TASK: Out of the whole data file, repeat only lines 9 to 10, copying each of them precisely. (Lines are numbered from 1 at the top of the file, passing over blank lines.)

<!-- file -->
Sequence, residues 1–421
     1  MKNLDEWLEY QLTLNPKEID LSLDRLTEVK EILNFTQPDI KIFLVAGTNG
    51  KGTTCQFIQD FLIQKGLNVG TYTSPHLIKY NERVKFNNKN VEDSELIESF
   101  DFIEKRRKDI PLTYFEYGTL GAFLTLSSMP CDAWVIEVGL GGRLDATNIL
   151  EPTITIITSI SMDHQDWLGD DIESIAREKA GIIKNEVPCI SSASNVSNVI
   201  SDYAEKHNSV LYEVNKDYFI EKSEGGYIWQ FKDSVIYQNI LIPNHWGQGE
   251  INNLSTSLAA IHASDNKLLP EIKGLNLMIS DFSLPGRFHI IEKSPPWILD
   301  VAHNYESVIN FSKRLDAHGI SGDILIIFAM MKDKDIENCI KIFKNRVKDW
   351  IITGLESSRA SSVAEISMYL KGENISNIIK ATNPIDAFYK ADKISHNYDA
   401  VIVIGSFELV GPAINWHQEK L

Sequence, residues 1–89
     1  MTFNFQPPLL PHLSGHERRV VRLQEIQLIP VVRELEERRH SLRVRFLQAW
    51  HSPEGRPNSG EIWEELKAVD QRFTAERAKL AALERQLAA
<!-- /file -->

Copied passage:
   351  IITGLESSRA SSVAEISMYL KGENISNIIK ATNPIDAFYK ADKISHNYDA
   401  VIVIGSFELV GPAINWHQEK L